The researcher went into the study with a very open mind about what might work for each individual and allowed the subjects to create and direct their own treatment. This prevented her from imposing her limited concepts and personal experience onto them. It also gave them a greater sense of control over their outcome. She tried to provide a creative, playful, fun environment that was nonthreatening and that guarded against performance anxiety. She was mindful along the way to not interpret their temporary discouragement and lack of progress as a sign that they had reached maximum benefit. Grieving was considered one of many possible reactions to the process of treatment, instead of the cause of the phantom pain or sensation. Case 1 was the most complicated case and was the final subject in the study. The researcher was more relaxed, trusting of the process and creative as she worked with this patient. She suggested several tips from other patients that proved to be helpful to this woman. If Case 1 had been one of the earlier subjects, the researcher may have terminated her treatment prematurely.

These three cases were consistent with the other study subjects in that phantom pain responded more quickly and more easily to ZIPS than did phantom sensation. More creative imaging and practice were required to eliminate phantom sensation. It may be true that, whenever possible, ZIPS should be started before the amputation to begin changing the mind/body sensory connection, so there is less phantom pain and phantom sensation to treat. This theory was tried with a man within the first 24 hours of losing part of his finger. He was taught ZIPS before he experienced phantom pain and phantom sensation and was able to get rid of his phantom pain and phantom sensation within 3 days of when he first experienced phantom pain and phantom sensation. He used ZIPS again just before he had more of his finger removed and had no phantom pain or phantom sensation after that surgery. Patients who completed the training program but were distracted from regular practice between sessions because of very demanding lives, experienced less of a reduction in their phantom pain and phantom sensation. Good candidates are those who are highly motivated to be rid of their phantom pain and phantom sensation and are willing and able to give time to doing the mental imagery practice outside of their sessions.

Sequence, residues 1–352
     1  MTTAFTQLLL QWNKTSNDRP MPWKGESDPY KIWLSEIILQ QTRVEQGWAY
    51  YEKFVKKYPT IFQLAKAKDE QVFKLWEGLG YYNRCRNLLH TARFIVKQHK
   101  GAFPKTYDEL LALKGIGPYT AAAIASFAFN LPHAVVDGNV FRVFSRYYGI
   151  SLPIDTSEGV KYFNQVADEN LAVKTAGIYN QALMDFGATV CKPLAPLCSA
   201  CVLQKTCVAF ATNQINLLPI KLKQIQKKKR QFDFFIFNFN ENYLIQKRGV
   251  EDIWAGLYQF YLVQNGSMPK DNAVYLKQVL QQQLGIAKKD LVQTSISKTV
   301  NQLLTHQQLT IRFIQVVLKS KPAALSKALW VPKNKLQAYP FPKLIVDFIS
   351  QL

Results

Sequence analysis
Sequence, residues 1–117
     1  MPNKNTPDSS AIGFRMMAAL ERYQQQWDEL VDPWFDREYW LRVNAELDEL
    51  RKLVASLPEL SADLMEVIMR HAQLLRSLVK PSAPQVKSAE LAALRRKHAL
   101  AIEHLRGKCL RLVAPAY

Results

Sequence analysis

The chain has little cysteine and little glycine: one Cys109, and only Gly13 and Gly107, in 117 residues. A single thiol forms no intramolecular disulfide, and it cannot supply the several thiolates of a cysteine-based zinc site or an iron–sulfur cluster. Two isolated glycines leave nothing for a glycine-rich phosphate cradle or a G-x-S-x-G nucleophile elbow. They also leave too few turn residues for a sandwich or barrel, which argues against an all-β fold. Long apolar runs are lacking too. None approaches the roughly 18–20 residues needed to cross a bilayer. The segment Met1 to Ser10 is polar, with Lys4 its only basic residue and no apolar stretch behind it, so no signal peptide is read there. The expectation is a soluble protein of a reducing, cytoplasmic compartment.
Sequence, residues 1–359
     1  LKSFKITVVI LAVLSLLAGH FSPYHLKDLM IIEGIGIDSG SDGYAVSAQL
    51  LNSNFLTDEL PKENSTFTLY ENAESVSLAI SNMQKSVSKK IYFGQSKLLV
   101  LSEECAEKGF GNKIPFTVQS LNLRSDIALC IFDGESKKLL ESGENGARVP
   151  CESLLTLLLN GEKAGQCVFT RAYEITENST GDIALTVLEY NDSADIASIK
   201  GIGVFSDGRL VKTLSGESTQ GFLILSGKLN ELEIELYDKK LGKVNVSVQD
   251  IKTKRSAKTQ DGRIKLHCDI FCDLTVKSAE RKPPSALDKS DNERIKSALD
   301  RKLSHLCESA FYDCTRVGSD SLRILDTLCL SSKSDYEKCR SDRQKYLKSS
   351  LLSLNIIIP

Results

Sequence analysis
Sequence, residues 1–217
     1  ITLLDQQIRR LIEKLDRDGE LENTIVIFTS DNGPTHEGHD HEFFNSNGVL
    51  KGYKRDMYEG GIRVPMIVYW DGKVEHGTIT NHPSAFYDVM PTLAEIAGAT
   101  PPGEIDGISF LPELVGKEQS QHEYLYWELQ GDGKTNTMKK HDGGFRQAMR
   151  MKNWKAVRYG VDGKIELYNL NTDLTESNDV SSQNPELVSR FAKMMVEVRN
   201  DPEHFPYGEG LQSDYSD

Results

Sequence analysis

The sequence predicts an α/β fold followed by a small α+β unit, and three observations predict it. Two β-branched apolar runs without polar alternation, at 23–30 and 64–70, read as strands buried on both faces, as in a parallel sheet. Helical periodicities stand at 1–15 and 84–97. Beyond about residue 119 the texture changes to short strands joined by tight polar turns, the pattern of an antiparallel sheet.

FUTURE APPLICATION

These cases are offered as a starting point to understanding how to successfully treat phantom pain and phantom sensation. The biggest obstacle to be anticipated will be to change the way the medical profession thinks about phantom pain and phantom sensation, so appropriate referrals can be made. We need to stop thinking phantom pain cannot be treated and that phantom sensation is not disturbing to the patient. Many prosthetists strongly believe phantom sensation is a positive phenomenon that is necessary for proper prosthetic usage. The subjects could recognize the illusion that the phantom helped them and easily shifted to using their prosthetic devices without the phantom sensation. One man who had learned to operate his mechanical hand with phantom sensation shifted to a reality-based image of how his forearm muscles triggered the hand to open and close. This allowed him to use his prosthetic hand and be free of phantom pain and phantom sensation.

CONCLUSION

ZIPS is a nonintrusive, inexpensive, patient-empowering, effective treatment for phantom pain and phantom sensation. This intervention can be taught to patients using easy mental imagery techniques and simple logic. Clinicians can use ZIPS to teach amputees how to reduce and eventually eliminate their phantom pain and phantom sensation.

ACKNOWLEDGMENTS:

Greg Gruman, CP, President of Winkley Orthotics & Prosthetics, compassionately understood the importance of this research to his patients, generously funded the project, trusted the researcher with his patients, and allowed the use of his facility. Two other Winkley staff members, Jill Marshall, CP, and Al Ingersoll, CP, identified subjects and provided many hours of case consultation. Merrie J. Kaas, DNSc, RN, CS, University of Minnesota, Graduate School of Nursing, Associate Professor, spent endless hours guiding the author through the process of turning the data into an article worth publishing. The author thanks the subjects for their participation and permission to anonymously share their stories.

REFERENCE

1. Zuckweiler RL. Living in the Postmastectomy Body: Learning to Live in and Love Your Body Again. Point Roberts, WA: Hartley & Marks; 1998.
Keywords:

body image; mental imagery; phantom limb pain; phantom sensation

© 2005 American Academy of Orthotists & Prosthetists